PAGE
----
NASA’s Orion capsule bids farewell to the moon

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The historic Artemis I mission, sending an unmanned spacecraft on an unprecedented journey around the Moon, is now in the final stages of its historic journey.

Orion, known as NASA’s new space capsule, made another pass by the lunar surface on Monday morning, capturing views of notable lunar sites, including a pair. Apollo landing sites. The spacecraft passed just 80 miles (128.7 kilometers) from the lunar surface. A second close flyby of the moon.

After that, Orion fired its main engine for about three and a half minutes — the longest burn ever conducted on its mission. Engine combustion launched the capsule on its final course home, kicking off the last leg of its 25-and-a-half-day journey.

The Artemis I mission lifted off on November 16 during NASA’s Stumbled And Long delay The Space Launch System (SLS) rocket launched the Orion capsule into space, cementing its status as the most powerful operational launch vehicle ever built. The thrust of the SLS rocket was greater than that of the Saturn V rocket, which landed on the moon in the 20th century. 15%.

After reaching space, Orion separates from the rocket and travels around the moon. A week ago, the capsule entered a “far retrograde orbit” around the moon, allowing it to swing 40,000 miles (64,374 kilometers) beyond the moon’s far side. It is Farther than any spacecraft Designed to carry people.

The spacecraft is now set to traverse the 238,900-mile (384,400-kilometer) void between the Moon and Earth. It is expected to re-enter Earth’s atmosphere on December 11, creating enough pressure to heat its exterior to over 5,000 degrees Fahrenheit (2,760 degrees Celsius).

If the astronauts were on board, they would be protected Heat shield.

Upon re-entry, Orion will travel at 20,000 miles per hour (32,187 kilometers per hour), or 26 times the speed of sound. All that energy is dissipated as the capsule hits Earth’s dense inner atmosphere again, then releases its parachutes to further slow its descent before its splashdown in the Pacific Ocean.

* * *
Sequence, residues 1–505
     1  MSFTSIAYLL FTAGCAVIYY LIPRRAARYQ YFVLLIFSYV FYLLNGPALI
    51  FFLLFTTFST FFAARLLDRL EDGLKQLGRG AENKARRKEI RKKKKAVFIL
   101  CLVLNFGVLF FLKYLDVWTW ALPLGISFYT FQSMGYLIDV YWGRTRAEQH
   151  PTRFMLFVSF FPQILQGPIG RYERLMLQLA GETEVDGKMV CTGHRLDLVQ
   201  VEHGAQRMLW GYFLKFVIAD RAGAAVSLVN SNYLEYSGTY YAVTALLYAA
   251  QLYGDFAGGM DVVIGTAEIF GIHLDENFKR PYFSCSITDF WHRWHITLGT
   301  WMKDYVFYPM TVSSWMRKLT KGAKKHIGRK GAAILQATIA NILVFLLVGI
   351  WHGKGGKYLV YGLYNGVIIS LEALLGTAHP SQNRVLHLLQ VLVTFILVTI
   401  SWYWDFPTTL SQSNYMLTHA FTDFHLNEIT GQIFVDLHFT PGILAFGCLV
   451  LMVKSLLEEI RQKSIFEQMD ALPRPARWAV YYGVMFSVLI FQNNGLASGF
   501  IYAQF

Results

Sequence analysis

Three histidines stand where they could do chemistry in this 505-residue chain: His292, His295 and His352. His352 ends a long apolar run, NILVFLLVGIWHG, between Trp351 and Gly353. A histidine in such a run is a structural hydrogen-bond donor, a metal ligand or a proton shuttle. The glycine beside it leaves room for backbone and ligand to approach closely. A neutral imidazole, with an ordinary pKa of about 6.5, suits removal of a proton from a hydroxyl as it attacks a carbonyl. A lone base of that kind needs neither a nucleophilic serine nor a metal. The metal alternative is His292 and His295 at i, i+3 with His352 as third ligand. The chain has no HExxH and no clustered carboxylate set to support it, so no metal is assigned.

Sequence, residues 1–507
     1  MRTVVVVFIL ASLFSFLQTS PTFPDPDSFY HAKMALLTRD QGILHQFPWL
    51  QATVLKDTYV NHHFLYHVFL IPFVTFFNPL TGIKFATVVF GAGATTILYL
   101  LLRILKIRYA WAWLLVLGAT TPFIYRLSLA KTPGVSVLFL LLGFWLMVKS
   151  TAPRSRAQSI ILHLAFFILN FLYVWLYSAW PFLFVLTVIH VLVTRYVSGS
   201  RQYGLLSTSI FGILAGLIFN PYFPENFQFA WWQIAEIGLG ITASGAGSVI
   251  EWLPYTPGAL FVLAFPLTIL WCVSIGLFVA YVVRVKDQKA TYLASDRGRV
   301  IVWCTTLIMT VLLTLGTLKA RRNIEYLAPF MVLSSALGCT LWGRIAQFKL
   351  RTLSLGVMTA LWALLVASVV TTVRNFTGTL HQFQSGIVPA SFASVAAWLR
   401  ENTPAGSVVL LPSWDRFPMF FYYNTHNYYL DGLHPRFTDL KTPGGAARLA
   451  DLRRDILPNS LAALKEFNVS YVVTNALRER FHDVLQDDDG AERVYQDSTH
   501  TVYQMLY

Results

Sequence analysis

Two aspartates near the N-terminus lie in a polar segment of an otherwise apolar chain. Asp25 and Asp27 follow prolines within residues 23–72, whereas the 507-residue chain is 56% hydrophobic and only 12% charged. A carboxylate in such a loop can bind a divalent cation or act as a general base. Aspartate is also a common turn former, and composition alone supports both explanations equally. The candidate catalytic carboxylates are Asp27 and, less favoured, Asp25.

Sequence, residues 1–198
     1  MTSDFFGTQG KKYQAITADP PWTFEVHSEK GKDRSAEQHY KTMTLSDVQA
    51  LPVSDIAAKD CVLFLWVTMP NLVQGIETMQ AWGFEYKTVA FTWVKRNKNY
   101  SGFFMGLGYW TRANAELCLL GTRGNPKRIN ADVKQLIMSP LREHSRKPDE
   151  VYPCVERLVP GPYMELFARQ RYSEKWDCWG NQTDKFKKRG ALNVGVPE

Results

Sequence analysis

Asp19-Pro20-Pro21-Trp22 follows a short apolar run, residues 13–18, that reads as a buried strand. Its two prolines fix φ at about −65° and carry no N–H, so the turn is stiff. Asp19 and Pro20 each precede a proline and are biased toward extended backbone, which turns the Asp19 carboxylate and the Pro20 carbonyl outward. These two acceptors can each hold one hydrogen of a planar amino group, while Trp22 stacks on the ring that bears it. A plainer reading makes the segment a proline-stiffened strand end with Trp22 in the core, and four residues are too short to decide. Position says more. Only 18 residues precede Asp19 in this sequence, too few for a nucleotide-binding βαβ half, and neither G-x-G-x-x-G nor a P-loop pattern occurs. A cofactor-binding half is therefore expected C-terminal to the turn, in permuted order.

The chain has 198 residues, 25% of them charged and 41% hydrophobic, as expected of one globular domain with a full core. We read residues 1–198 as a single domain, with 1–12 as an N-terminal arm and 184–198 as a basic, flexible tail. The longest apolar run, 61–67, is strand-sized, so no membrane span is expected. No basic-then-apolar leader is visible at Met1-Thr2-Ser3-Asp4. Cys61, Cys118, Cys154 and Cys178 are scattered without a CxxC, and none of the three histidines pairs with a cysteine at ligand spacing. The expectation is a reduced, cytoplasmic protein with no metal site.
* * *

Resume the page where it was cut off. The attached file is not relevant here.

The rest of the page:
After all, the Orion capsule would have traveled far 1.3 million miles into space.

NASA has been preparing for this mission for more than a decade. After its successful completion, the space agency will select a crew to fly the Artemis II mission, which will take off as soon as 2024. Artemis II aims to send astronauts on the same trajectory as Artemis I, which orbits the Moon. But did not descend to its surface.

This will pave the way for the Artemis III mission, ie It is currently scheduled to start in 2025 — and is expected to put a woman and a person of color on the moon for the first time. It will mark the first visit by humans to the Moon in half a century.

The performance of the Orion spacecraft was “excellent,” Orion program manager Howard Hu told reporters. Last week.

The space agency had to fix a few minor problems, including an unexpected one The communication blackout lasted for almost an hour. But NASA officials say there have been no major problems and the mission has been a huge success so far.

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